Will American Airlines emerge from bankruptcy as a stand-alone carrier or do what its pilots have been urging and merge with rival US Airways? As The Dallas Morning News reports, American’s CEO told employees they (and the rest of us, presumably) will find out in “a matter of weeks.”
- Listen as air travel expert Rick Seaney offers a quick history of mergers and what they mean for travelers.
Merger Likely Means Higher Airfares
Another report cites next week’s board meeting of American Airlines executives saying it could “provide clues” as to which way the airline will jump. However, a final decision is not seen likely until the latter part of this month. Air travel analyst Rick Seaney went on record at the start of the year, saying he saw the odds of an American/US Airways merger rising to nearly 70%.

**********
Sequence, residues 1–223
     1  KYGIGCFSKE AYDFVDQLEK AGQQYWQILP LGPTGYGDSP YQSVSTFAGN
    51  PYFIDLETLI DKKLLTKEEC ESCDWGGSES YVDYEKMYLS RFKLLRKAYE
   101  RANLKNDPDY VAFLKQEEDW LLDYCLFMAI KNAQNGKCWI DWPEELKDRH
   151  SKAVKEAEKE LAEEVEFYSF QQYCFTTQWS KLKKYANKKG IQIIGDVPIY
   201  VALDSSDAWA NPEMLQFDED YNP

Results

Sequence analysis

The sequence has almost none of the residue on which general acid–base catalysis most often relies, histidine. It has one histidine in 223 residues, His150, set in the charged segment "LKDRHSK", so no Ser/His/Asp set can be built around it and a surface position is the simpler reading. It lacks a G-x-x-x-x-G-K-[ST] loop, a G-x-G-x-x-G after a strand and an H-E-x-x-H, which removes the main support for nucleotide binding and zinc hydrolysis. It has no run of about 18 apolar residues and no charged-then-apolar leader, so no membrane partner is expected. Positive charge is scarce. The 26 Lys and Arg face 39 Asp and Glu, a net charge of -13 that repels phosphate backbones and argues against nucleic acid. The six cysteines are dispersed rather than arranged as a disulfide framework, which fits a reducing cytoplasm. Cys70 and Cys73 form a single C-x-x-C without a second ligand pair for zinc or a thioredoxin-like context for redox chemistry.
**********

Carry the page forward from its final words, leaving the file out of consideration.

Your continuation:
This week, Seaney said if the merger gets the go-ahead, it likely will mean higher ticket prices. “After legacy airline mergers, we typically see capacity cuts which are likely give airlines more pricing power,” noted Seaney. “The bottom line is prices will go up long-range and capacity will be cut, if an AA-US Airways partnership follows the lead of other mega-mergers.”
Recent Mergers in the News
American is the last of the legacy carriers to undergo bankruptcy restructuring and, perhaps, the latest to jump on the merger bandwagon. In the last decade alone, mergers by venerable old airline names have been the order of the day: Delta joined Northwest (and was seen early on during American’s bankruptcy proceedings as a possible merger candidate), United partnered with Continental, and now Southwest is finalizing its acquisition of AirTran.